My passion for The Freshwater Circle, Pre-Raphaelite Brotherhood, all things nineteenth-century, Victorian-era related!
Sunday, March 2, 2014
My review of Astor Place Vintage by Stephanie Lehmann
Amanda Rosenbloom, proprietor of Astor Place Vintage, thinks she's on just another call to appraise and possibly purchase clothing from a wealthy, elderly woman. But after discovering a journal sewn into a fur muff, Amanda gets much more than she anticipated. The pages of the journal reveal the life of Olive Westcott,a young woman who had moved to Manhattan in 1907. Olive was set on pursuing a career as a department store buyer in an era when Victorian ideas, limiting a woman's sphere to marriage and motherhood, were only beginning to give way to modern ways of thinking. As Amanda reads the journal, her life begins to unravel until she can no longer ignore this voice from the past. Despite being separated by one hundred years. Amanda finds she's connected to Olive in ways neither could ever have imagined.
Paperback: 416 pages
Publisher: Touchstone; Original edition (June 11, 2013)
Astor Place Vintage is a parallel novel spanning two different decades wherein Stephanie Lehmann introduces us to two very different women living very similar lives! For instance, first we meet Amanda Rosenbloom living in New York City in 2007. By day she is the owner of a vintage clothing shop, 'Astor Place Vintage.' Her life changes when she visits 'Jane Kelly' a wealthy 98 year old woman dieing of cancer and buys some clothing from her including a trunk filled with a muff containing the journal of a woman named Olive Westcott living in 1907 New York City. These two women have much in common and their lives seem to parallel each other for various reasons.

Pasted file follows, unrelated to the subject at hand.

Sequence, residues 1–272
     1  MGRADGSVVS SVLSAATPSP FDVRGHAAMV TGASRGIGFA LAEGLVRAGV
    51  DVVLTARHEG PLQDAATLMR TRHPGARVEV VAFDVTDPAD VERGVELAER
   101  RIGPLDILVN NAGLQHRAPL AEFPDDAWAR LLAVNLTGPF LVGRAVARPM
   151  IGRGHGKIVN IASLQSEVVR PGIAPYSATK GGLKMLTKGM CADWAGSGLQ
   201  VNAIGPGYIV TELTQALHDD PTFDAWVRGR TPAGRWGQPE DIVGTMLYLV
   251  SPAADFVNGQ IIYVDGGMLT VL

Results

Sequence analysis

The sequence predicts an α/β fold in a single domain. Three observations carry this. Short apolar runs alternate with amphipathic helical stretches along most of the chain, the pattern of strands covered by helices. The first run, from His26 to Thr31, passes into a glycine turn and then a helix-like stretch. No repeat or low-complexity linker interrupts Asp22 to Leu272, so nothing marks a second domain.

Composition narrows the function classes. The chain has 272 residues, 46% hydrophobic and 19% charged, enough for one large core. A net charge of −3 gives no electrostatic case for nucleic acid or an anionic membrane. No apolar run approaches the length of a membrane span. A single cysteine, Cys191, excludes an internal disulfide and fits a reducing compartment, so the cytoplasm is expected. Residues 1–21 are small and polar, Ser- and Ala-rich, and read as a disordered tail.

Amanda and Olive both deal with being single working women during two decades where independence and autonomy is held up against the belief and expectation of women being meant for marriage and motherhood instead. In 'Astor Place Vintage' New York City plays host to these two women and their loved ones both in very different ways.
I should mention some aspects of the novel that stood out are obvious: the 1907 vivid descriptions of my hometown of Manhattan. I have walked every neighborhood the author mentions and have always loved the architecture of the grand mansions and history of my city. What Stephanie Lehmann does in 'Astor Place Vintage' is bring New York City to life through her humorous writing style. I may be somewhat biased about my city but it comes to life in both eras and I could relate more to Olive's problems in certain situations and then felt empathy with Amanda's struggles.
The history and descriptions of New York City are plentiful throughout 'Astor Place Vintage' so this may grab you and keep you reading or it may frustrate you! Also, Amanda-the modern working woman deals with an affair while Olive our 1900s girl is very sexually naive. Stephanie Lehmann goes into great detail about Olive's sexual innocence, menstruation is dealt with as are feminist issues. Either way, the storylines are captivating and I enjoyed Astor Place Vintage immensely! I would highly recommend this novel to anyone looking for a funny and heartwarming story about two women who discover they needed each other and were brought together through a journal to help each other change their lives and put some issues to rest!